Claude Oscar Monet moved to a small town called Giverny, searching the calm life close to nature in the countryside. The artist was married to Alice Hoschede, as his wife Alice had recently passed. This was a significant time for Monet, and the drastic changes in his life had a direct impact on his work. The artist and his wife moved together, along with their combined eight children, in a house with a large garden, where Monet spent the rest of his life. The garden he created became – what he called – his greatest masterpiece.
After a period of financial instability, Monet began to gain recognition and sold paintings all over Europe and North America. He was able to buy his house in Giverny, that was rented, and also hire housekeepers and many gardeners to maintain his living creation. The garden was a spectacular display of nature, with an abundance of vegetation, including tall trees and vibrant flowers. Many Impressionists were inspired by the Japanese art, mainly the woodcut prints that came to Europe. These artworks brought subjects of the daily life and nature.
The Oriental influence inspired Monet to build a Japanese bridge over the pond in his garden, which was one of the painters favorite subject to portray – concluding about 250 paintings of it. The exotic water lilies were imported from South America e Northern Africa. The artwork Yellow And Lilac Water Lilies is an example of the artist’s passion for his paradise. This particular painting has moss green, violet, and purple-blue water. The light green lilies float and are more defined on the background. The top right corner shows some dark vegetation hanging on the banks and casting a reflection on the water. The flowers and leaves on the forefront create a fantastical mix of light green, blue, yellow and purple.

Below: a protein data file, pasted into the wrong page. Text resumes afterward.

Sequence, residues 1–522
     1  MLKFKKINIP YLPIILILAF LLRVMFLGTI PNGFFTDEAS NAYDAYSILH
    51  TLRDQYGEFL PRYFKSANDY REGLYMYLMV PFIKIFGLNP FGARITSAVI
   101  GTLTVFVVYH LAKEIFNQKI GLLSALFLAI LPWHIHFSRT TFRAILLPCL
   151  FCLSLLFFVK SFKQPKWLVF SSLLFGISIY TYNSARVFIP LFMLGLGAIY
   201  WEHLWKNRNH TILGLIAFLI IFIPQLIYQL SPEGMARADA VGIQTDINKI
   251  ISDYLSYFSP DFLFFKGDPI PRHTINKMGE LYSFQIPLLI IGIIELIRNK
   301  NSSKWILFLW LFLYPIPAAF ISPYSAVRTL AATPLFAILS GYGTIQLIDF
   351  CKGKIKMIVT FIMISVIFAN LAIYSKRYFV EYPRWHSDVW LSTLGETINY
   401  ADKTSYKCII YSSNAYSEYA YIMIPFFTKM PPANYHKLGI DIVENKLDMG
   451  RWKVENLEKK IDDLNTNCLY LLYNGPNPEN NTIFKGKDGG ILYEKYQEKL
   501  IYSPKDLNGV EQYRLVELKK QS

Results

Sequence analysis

During this period, the artist was diagnosed with cataracts, impairing his eyesight and affecting the way he painted. This was frowned upon by critics but was a great inspiration to the Abstract Expressionists of the 1950’s. Painting water lilies gave Monet the liberty to experiment with different colors, even when his vision loss prevented him from seeing the landscape completely. As an Impressionist, he was interested in representing what he saw, even if that didn’t match the reality.
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